Here's a question to type into the
search engine: Just when will Barry Diller admit that
has been knocked out of the battle to be an Internet titan?
On Monday, Diller's IAC said it plans to spend around $1.8 billion purchasing the Web search engine Ask Jeeves, which started life as a site on which people could ask questions and then be forwarded to Web pages that might contain the answers.
While the deal has some Wall Street analysts enthused, it looks like an expensive and defensive maneuver by Diller, whose travel-focused Internet acquisition strategy has left investors so confused and disappointed that IAC's stock trades nearly 40% below its 52-week high.
Fierce competition in the online travel market has hurt IAC businesses such as Hotels.com and Expedia so much that analysts expect IAC to post only 6% growth in pro forma earnings in 2005. Diller's reputation has taken a battering. Once seen as a savvy dealmaker, he is now regarded more as someone who has overpaid for Internet assets and then failed to achieve the goals he targeted with his purchases.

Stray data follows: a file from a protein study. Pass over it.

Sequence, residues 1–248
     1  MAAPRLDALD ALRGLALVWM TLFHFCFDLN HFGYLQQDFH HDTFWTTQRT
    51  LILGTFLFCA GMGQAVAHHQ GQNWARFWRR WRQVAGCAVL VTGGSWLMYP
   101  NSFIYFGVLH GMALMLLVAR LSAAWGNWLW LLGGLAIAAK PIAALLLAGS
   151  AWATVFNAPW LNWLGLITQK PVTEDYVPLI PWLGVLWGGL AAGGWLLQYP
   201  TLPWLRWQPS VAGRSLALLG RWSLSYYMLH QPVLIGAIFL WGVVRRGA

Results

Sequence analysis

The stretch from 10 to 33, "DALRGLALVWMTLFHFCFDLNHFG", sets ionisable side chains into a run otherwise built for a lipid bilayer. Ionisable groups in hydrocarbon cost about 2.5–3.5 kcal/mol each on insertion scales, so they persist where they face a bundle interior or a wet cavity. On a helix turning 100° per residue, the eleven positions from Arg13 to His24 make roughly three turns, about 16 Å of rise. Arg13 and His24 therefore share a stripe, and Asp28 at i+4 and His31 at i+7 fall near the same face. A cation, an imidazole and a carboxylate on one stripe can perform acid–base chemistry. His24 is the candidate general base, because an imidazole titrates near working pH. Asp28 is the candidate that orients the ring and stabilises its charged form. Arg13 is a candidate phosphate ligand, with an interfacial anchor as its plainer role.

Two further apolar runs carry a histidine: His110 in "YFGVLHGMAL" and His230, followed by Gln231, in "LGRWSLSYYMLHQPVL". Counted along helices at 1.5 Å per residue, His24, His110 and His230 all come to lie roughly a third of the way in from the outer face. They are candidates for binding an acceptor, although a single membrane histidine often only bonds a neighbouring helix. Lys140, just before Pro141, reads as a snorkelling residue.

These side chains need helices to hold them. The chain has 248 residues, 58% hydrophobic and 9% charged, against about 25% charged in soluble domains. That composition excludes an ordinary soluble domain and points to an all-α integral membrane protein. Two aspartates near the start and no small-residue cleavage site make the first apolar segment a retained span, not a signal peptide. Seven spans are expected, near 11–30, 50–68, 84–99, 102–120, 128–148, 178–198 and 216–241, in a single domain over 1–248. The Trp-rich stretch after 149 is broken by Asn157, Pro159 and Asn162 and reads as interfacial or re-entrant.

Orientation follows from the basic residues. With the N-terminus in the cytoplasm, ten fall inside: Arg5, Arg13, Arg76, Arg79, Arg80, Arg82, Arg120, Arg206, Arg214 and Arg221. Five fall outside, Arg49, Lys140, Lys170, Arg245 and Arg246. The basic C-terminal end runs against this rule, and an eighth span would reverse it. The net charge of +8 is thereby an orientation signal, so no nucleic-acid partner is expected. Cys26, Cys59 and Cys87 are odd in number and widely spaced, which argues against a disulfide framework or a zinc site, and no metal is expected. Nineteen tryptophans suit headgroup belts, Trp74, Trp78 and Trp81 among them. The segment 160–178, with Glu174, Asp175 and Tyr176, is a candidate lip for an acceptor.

But instead of admitting to mistakes and doing a proper restructuring, IAC's approach has been to come up with moves that seem more aimed at diverting attention from real problems. Take the
corporate split announced in December
So what's wrong with the Ask Jeeves purchase? While Diller has patently failed to build an Internet powerhouse to rival
(YHOO - Get Report)
(GOOG - Get Report)
, it doesn't mean that every deal he does is a dog. After all, Internet advertising is a high-growth business, and Diller has snapped up Ask Jeeves for around 20 times earnings, based on Wall Street's profit forecast for 2005. That's hardly expensive, going by valuations on Google and Yahoo!.
IAC's defenders also note that IAC gets to extend its reach into the Internet search field with the purchase. While Ask Jeeves' share of the market is small, it will strengthen IAC's existing local Internet search services, like Citysearch.